Table of Contents Author Guidelines Submit a Manuscript
Mediators of Inflammation
Volume 2015, Article ID 524291, 6 pages
http://dx.doi.org/10.1155/2015/524291
Research Article

Urinary Malondialdehyde Is Associated with Visceral Abdominal Obesity in Middle-Aged Men

1Department of Laboratory Medicine and Molecular Genetics and Research Institute of Convergence of Biomedical Science and Technology, Pusan National University Yangsan Hospital, Yangsan 626-770, Republic of Korea
2Family Medicine Clinic and Research Institute of Convergence of Biomedical Science and Technology, Pusan National University Yangsan Hospital, Yangsan 626-770, Republic of Korea
3Department of Family Medicine, Pusan National University Hospital, Busan 49241, Republic of Korea
4Research And Statistical Support, Research Institute of Convergence for Biomedical Science and Technology, Pusan National University Yangsan Hospital, Yangsan 626-770, Republic of Korea

Received 20 May 2015; Accepted 25 August 2015

Academic Editor: Doan T. M. Ngo

Copyright © 2015 Sun Min Lee et al. This is an open access article distributed under the Creative Commons Attribution License, which permits unrestricted use, distribution, and reproduction in any medium, provided the original work is properly cited.

Abstract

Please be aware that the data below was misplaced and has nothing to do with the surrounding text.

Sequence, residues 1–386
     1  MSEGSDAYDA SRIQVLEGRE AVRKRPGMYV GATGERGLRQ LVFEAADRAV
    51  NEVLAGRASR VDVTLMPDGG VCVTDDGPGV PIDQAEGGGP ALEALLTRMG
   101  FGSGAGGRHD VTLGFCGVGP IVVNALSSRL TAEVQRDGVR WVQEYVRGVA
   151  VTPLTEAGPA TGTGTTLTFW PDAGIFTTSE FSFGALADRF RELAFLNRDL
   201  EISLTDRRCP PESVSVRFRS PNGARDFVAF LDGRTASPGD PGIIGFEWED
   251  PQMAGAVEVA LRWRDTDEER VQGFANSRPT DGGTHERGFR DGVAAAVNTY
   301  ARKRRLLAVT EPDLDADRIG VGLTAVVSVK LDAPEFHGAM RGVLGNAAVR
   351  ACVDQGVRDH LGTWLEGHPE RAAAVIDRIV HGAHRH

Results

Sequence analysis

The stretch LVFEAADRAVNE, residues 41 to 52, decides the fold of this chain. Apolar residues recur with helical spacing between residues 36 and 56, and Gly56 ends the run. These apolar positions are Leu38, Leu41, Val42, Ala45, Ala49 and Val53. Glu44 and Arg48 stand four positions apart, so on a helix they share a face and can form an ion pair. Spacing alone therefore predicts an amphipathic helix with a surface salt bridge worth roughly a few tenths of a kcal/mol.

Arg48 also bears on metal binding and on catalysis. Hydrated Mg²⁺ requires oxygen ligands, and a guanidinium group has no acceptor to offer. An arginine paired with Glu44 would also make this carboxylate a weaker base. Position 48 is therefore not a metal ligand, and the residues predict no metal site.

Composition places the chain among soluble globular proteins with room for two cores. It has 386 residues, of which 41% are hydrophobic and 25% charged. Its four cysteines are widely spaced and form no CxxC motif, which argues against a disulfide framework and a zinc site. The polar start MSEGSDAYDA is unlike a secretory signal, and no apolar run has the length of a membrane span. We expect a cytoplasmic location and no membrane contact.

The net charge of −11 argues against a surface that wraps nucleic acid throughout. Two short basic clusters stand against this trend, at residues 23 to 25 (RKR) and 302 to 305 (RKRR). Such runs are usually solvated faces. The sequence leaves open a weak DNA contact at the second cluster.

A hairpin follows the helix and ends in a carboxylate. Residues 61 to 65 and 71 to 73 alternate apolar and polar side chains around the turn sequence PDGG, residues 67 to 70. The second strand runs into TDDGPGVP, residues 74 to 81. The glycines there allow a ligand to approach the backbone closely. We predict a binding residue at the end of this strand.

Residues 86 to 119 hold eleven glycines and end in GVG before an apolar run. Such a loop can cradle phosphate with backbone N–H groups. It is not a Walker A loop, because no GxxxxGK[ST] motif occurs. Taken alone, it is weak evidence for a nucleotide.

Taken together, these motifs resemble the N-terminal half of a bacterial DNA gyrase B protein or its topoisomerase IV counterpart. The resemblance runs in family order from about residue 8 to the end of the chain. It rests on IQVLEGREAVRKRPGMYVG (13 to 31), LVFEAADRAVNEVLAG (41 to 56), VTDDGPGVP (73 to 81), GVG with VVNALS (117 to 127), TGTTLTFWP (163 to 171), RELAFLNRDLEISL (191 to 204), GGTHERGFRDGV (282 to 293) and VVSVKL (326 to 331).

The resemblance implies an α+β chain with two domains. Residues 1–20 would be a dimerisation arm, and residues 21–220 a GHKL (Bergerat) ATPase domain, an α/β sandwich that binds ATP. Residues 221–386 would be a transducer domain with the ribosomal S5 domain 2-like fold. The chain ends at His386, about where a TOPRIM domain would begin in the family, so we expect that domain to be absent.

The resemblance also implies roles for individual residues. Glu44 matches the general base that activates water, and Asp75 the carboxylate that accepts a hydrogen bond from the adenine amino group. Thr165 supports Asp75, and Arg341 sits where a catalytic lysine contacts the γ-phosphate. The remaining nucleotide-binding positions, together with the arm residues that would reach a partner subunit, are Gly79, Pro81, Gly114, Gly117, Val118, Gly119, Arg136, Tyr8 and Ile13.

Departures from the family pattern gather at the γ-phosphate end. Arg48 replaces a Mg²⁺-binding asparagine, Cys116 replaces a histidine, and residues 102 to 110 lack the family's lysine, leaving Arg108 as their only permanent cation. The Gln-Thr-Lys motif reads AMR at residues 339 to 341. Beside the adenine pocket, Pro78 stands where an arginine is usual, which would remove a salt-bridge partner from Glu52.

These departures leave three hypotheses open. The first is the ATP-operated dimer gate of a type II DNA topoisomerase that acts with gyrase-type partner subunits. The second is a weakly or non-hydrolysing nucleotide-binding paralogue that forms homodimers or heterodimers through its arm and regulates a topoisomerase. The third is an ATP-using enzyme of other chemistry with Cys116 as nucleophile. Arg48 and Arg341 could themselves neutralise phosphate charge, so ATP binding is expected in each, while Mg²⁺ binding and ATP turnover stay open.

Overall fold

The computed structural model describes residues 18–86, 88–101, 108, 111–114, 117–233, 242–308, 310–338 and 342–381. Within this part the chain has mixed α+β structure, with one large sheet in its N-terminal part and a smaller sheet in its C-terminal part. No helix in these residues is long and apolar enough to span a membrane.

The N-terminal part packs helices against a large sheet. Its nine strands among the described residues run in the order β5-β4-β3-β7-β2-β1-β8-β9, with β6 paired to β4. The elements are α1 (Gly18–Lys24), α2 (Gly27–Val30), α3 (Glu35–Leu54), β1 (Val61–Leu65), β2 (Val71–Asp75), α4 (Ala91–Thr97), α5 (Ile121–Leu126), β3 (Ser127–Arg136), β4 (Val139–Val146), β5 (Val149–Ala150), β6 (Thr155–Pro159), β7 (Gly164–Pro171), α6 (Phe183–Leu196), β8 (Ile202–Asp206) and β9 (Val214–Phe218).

The purpose of the present study was to investigate multiple anthropometric parameters used to evaluate obesity, particularly visceral abdominal fat area, and various metabolic parameters including malondialdehyde (MDA) as an oxidative stress marker. We evaluated various measures of obesity, including body mass index (BMI), waist circumference (WC), sagittal abdominal diameter, fat percentages using dual-energy X-ray absorptiometry, visceral fat area (VFA), subcutaneous fat area, multiple biomarkers related to metabolic disease, and urinary MDA, in 73 asymptomatic middle-aged men who were not severely obese. We examined relationships between multiple measures of obesity, metabolic markers, and urinary MDA levels and evaluated associations between VFA and urinary MDA. In the visceral obesity group, γ-glutamyl transferase (GGT), uric acid, and urinary MDA levels were significantly higher than in the nonvisceral obesity group (P = 0.008, P = 0.002, and P = 0.018). Urinary MDA (r = 0.357, P = 0.002) and uric acid (r = 0.263, P = 0.027) levels were only significantly positively correlated with VFA among measures of obesity. Urinary MDA, serum GGT, and serum CRP were significantly positively associated with VFA (P = 0.001, P = 0.046, and P = 0.023, resp.), even after adjusting for BMI and WC.